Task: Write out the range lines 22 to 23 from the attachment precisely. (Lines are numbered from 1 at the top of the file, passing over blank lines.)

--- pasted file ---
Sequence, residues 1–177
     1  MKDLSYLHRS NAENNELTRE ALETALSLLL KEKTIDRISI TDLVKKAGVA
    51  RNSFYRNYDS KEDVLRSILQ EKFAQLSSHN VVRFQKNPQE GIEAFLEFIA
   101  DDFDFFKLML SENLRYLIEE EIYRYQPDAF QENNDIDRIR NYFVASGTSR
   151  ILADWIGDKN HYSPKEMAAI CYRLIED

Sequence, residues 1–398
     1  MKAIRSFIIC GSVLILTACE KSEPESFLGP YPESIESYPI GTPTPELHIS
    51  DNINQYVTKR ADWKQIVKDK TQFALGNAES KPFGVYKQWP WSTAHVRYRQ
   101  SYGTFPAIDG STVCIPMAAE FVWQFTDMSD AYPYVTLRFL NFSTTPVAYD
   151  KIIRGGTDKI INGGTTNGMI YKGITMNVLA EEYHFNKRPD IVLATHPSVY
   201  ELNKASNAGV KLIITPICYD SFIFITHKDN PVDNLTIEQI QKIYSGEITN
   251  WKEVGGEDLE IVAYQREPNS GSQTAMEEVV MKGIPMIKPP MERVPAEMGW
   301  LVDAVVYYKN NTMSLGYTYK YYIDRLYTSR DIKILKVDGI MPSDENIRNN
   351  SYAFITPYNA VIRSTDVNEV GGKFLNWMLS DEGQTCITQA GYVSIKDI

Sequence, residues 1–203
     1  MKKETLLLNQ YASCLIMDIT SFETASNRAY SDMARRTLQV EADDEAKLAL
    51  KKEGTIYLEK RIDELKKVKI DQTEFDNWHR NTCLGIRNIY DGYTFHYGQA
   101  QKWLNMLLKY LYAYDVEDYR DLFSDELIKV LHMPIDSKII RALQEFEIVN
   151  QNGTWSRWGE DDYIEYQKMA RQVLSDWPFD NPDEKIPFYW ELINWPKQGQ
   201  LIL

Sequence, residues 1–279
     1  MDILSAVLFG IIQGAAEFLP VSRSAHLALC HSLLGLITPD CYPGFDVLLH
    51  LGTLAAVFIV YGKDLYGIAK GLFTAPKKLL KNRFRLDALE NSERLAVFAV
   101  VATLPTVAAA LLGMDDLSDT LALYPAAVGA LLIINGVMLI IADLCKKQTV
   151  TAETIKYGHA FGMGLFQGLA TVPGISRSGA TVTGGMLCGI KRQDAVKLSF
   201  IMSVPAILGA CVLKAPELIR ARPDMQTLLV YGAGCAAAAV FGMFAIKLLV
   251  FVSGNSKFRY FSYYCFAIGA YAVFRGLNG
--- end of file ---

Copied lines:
     1  MDILSAVLFG IIQGAAEFLP VSRSAHLALC HSLLGLITPD CYPGFDVLLH
    51  LGTLAAVFIV YGKDLYGIAK GLFTAPKKLL KNRFRLDALE NSERLAVFAV